The Crimes of the Campus Police

tags: sexual assault, Police, policing, colleges and universities, police abolition

Grace Watkins is a doctoral student in history at the University of Oxford.

Content Warning: This essay contains victim descriptions of sexual assault.


This summer, demonstrations swelled nationwide in response to the police killings of Breonna Taylor, George Floyd, Tony McDade and many others. In response, students across the country have issued renewed demands for the abolition of their schools’ campus police forces as part of the effort to end to racist police violence. Such a moment necessitates a critical assessment of the bargain campuses have struck in the name of public safety. Too often ignored is the issue of campus-police forces’ long history of gender-based violence.

Sexual abuse can be found in any profession, but campus-police officers are uniquely situated: They have powers of detention and arrest, weapons, access to sensitive information and vulnerable people, and unusual job protection. Sexually abusive behavior by campus-police officers is typically reported individually and in isolation. When taken together, however, a pattern of harm emerges.

Many departments keep private records, so it can be difficult even to assess the full scope of the abuse. Despite this, there are still a shocking number of serious incidents in the public record. These cases are a direct result of the way that campus forces are structured.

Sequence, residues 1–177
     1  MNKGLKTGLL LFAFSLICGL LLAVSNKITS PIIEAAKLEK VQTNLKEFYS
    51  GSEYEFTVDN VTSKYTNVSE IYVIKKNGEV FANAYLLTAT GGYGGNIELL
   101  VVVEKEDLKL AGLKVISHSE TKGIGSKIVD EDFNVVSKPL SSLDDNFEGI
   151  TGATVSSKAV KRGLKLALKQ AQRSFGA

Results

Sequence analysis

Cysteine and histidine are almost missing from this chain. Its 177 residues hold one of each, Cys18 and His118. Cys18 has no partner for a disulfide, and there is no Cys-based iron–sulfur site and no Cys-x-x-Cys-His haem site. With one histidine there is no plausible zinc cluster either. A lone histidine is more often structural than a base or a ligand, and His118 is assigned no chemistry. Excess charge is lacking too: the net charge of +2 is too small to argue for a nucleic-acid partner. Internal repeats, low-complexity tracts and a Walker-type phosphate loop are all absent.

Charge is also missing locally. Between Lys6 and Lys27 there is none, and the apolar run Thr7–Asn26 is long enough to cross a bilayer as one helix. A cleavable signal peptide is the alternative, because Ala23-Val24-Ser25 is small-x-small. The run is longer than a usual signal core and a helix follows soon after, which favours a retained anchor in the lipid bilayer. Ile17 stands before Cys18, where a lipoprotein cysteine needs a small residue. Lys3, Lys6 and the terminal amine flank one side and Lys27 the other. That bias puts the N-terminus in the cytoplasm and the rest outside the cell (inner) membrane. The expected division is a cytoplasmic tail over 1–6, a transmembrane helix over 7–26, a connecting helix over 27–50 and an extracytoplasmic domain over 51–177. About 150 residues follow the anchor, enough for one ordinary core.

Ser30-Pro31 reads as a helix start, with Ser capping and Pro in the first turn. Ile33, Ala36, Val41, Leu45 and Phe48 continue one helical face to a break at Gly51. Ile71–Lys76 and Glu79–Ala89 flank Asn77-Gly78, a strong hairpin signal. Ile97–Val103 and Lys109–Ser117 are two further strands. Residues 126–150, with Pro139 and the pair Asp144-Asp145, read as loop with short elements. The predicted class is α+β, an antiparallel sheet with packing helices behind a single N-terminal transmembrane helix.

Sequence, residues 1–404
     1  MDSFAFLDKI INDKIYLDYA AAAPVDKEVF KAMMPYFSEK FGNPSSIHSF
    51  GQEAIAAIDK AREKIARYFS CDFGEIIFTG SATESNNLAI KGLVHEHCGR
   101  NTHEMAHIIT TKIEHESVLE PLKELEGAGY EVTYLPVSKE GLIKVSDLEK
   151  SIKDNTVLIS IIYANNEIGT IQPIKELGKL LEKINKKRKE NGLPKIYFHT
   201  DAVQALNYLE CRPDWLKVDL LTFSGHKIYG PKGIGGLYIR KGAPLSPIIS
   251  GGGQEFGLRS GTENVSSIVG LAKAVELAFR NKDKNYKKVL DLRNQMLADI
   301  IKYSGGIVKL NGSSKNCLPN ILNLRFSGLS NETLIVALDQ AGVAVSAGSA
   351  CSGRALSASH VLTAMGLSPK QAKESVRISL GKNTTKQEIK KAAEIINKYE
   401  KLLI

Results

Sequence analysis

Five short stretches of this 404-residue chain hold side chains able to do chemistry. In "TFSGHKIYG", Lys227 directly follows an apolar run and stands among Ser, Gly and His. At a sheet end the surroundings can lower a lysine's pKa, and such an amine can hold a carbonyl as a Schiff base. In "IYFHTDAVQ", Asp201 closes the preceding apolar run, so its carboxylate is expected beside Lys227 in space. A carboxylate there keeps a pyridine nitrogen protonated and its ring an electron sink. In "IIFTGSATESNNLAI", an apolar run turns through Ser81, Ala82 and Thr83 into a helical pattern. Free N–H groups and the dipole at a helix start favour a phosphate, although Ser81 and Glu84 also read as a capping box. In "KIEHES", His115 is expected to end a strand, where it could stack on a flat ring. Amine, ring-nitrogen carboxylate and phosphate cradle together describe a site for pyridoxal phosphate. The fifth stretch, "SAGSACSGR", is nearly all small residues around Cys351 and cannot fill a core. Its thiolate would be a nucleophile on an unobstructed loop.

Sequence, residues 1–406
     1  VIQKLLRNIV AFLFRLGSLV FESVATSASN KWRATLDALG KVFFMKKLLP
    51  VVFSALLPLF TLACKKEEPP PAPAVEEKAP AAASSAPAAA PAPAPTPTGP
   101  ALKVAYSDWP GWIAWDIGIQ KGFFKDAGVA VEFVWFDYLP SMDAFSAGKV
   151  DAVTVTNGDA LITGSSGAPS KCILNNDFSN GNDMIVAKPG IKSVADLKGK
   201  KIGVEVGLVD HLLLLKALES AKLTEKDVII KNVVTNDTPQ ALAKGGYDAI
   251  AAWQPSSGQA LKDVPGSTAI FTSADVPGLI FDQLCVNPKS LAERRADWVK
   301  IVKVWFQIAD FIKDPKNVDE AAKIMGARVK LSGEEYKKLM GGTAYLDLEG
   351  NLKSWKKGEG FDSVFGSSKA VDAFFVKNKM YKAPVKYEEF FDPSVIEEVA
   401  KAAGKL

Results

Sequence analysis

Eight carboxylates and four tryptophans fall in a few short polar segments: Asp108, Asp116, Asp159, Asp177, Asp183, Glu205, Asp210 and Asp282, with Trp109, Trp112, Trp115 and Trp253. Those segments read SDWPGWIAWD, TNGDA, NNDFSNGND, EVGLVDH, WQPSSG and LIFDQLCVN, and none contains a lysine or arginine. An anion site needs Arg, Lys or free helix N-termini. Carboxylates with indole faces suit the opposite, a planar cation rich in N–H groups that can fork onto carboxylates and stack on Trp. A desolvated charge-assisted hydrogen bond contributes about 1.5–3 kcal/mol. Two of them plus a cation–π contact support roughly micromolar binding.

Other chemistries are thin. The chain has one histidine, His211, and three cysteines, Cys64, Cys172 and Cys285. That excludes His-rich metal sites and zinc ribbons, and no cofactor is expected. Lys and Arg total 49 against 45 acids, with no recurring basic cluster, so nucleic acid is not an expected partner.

While often thought of as rent-a-cops, many campus-police forces are actually full-service departments staffed by armed officers with powers of arrest both on and off campus. They are tasked with enforcing both school rules and state law, giving them significant power over students’ educational status and their permanent criminal record. And as they have professionalized over the past 60 years, many forces have come to report directly to the provost or university president, shielding them from student and faculty oversight.

It is incredibly difficult for students to report sexual violence committed by the people who are in charge of investigating such claims. A University of California at Santa Barbara student reported that the UCSB chief, James Brock, “grabbed her buttocks, slid his hand up her back and whispered in her ear” in August 2019. She resigned from her two on-campus jobs because they were in areas where Brock patrolled. “It’s still a constant source of fear for me,” she told the college newspaper, “seeing anyone else from UCPD because they all work under him and no one’s done anything about it.” Following a 255-day-long Title IX investigation, the university appears not to have sanctioned Brock. (According to a university spokesperson, “multiple investigations did not substantiate the allegations.”)

Read entire article at Chronicle of Higher Education

comments powered by Disqus